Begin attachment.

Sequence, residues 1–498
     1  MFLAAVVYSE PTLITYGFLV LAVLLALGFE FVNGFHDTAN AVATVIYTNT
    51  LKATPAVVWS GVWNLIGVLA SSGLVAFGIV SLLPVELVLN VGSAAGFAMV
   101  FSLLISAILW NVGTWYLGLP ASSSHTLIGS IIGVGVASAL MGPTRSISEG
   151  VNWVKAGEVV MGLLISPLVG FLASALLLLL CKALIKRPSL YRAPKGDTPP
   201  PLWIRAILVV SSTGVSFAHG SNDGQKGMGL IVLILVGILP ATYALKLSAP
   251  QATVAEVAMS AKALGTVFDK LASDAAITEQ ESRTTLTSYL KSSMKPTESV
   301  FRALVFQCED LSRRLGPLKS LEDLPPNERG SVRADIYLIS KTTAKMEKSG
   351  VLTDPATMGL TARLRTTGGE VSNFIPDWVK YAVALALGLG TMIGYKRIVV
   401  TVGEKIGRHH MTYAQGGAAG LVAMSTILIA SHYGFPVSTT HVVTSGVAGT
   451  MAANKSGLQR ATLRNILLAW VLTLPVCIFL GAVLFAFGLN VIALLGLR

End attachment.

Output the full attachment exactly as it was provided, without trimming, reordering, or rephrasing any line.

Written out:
Sequence, residues 1–498
     1  MFLAAVVYSE PTLITYGFLV LAVLLALGFE FVNGFHDTAN AVATVIYTNT
    51  LKATPAVVWS GVWNLIGVLA SSGLVAFGIV SLLPVELVLN VGSAAGFAMV
   101  FSLLISAILW NVGTWYLGLP ASSSHTLIGS IIGVGVASAL MGPTRSISEG
   151  VNWVKAGEVV MGLLISPLVG FLASALLLLL CKALIKRPSL YRAPKGDTPP
   201  PLWIRAILVV SSTGVSFAHG SNDGQKGMGL IVLILVGILP ATYALKLSAP
   251  QATVAEVAMS AKALGTVFDK LASDAAITEQ ESRTTLTSYL KSSMKPTESV
   301  FRALVFQCED LSRRLGPLKS LEDLPPNERG SVRADIYLIS KTTAKMEKSG
   351  VLTDPATMGL TARLRTTGGE VSNFIPDWVK YAVALALGLG TMIGYKRIVV
   401  TVGEKIGRHH MTYAQGGAAG LVAMSTILIA SHYGFPVSTT HVVTSGVAGT
   451  MAANKSGLQR ATLRNILLAW VLTLPVCIFL GAVLFAFGLN VIALLGLR